Alpern and Yoskowitz argued that Jewish-American cuisine is defined by constraints, whether they be ingredients, kashrut laws or prosperity. “Any immigrant group arrives at new shores and they want to find the flavors of home as best as they can,” Alpern said. “Mushrooms are a huge part of flavoring Eastern European dishes and certainly used in Jewish cooking in Eastern Europe.” However, she added, recipes changed when their homeland’s mushroom varieties were unavailable to Jewish immigrants.
“We saw that foods from our tradition, like a borscht, old-world pickle, blintzes or kugel — these foods were being forgotten by our colleagues in the food world, maybe dismissed.”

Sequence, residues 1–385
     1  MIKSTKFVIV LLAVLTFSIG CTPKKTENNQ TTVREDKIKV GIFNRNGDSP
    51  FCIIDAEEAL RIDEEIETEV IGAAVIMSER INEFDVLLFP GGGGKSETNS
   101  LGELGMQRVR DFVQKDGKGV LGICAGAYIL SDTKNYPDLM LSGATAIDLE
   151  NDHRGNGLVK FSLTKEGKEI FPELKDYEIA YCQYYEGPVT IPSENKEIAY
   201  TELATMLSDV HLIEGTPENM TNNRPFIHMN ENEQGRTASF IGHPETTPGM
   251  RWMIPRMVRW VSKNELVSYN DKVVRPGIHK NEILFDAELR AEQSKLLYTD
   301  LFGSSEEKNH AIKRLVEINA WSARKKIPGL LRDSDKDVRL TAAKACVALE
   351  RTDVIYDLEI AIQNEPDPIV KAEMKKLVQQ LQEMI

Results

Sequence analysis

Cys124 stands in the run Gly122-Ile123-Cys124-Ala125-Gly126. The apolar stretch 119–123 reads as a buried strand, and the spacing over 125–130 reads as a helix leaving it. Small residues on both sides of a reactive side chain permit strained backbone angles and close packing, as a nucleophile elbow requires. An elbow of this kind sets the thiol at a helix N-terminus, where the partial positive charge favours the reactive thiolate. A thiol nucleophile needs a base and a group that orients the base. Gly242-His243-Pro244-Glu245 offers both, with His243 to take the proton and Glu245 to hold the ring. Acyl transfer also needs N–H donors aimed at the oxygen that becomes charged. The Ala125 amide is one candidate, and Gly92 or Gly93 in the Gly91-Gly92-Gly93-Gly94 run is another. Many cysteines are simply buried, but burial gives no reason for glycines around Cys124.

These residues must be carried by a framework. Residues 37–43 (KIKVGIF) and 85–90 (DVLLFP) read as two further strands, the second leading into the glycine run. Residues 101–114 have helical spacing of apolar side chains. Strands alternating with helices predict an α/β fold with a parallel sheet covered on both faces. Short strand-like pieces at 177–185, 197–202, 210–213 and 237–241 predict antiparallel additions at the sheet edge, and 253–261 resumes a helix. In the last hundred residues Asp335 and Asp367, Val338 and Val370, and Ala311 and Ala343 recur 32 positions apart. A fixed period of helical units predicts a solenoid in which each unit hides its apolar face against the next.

— Liz Alpern
“The Jews of Eastern Europe couldn’t find what they wanted and started trading them on Houston Street, and eventually, people got more Americanized and they were OK with using those button mushrooms they could buy at the market or in the store,” Alpern said.
“The Jewish deli is not representative of what old-world Jewish food was like,” Yoskowitz said. “It’s a place you go to get heavy, fatty foods. That’s really what makes it so special,” he added, noting how classics such as pastrami or a steaming plate of corned beef were rare in shtetls and reserved for simchas.
Iconic Jewish dishes such as mile-high sandwiches were too luxurious for past generations of Ashkenazi Jews, he added. “That was part of the American story: the abundance. We ended up eating those special-occasion foods, the fatty foods, the heavy foods, all the time. We actually lost sight of what the everyday foods were.”